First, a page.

These are questions that obviously have to be addressed. I think gene therapy or angiogenesis has had a very tumultuous career, to say the least, with ups and downs and a lot of promise, but more hype than fact. So this will be the first Phase 3 trial that is going to address directly whether local angiogenic therapy works, and if it does work, how long does it work? I think this is the first step in that direction – to bringing gene transfer all the way to a Phase 3 clinical trial.

Q: There have been previous studies of this angiogenetic factor that showed better results in women. Is this because women have smaller arteries that they may experience coronary artery disease differently?
Dr. Shah: The basis for launch of this study in women is, as you know, the data from two previous trials which showed no overall benefit, but a strong suggestion of benefit in women. We still don't understand what is so different that women would respond differently than men. I don't think we have a full understanding. I am a big believer that gender is not simply small versus large. Gender may have some really profound implications in terms of responses to different treatments. So I don't dismiss the idea that this was a fluke. I think it's really quite plausible to suggest that there may be gender differences in the way people respond.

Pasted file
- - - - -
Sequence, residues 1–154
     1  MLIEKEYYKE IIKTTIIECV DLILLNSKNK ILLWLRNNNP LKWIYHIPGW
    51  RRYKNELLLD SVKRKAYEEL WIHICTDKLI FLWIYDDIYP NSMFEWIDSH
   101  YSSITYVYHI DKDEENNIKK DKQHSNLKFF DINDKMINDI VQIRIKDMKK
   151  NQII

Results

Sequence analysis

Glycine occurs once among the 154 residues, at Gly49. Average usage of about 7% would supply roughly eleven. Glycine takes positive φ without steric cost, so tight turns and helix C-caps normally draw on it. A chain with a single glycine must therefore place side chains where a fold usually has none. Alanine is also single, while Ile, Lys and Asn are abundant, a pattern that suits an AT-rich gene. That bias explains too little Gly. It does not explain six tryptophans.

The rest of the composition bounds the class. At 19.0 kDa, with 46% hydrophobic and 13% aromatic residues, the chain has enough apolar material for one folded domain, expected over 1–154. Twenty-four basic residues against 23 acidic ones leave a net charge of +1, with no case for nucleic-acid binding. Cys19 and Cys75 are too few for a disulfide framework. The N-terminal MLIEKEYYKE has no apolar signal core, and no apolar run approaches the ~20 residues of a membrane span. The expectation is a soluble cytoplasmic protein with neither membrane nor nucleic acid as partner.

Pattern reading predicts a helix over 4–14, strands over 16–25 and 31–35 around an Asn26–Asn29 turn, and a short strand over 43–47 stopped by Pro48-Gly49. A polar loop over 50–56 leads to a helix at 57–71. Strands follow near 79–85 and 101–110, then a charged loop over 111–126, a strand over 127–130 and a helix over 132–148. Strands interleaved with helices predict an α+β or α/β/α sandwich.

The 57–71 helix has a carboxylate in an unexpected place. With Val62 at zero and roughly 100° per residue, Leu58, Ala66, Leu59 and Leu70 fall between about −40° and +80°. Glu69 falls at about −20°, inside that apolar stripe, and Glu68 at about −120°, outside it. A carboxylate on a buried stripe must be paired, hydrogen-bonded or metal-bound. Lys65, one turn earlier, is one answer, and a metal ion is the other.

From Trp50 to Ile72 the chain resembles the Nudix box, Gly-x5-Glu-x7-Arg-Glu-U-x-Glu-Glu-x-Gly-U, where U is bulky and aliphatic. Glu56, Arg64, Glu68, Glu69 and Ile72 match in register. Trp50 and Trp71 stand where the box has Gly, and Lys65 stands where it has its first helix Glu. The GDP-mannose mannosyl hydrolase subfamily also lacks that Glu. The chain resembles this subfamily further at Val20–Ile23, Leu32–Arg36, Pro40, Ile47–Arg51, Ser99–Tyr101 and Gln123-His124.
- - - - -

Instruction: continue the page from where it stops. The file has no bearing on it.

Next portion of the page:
Q: Do you think this may be due to hormonal differences?
Dr. Shah: Well, that's one possibility, and the other is: what else sits on that X chromosome -- besides hormones? What else is making women different from men? Obviously they have two X chromosomes instead of one X chromosome. So it may go beyond hormonal influences. There may be other genetic bases for differential response. But, at the moment, it's a hypothesis, and that can only be proven or disproven with an appropriate placebo-controlled trial.

Q: How is recruiting going?
Dr. Shah: We’ve just put ads, and I think we have two patients identified as potential candidates and they're going to go through the screening process. So we’re excited about it.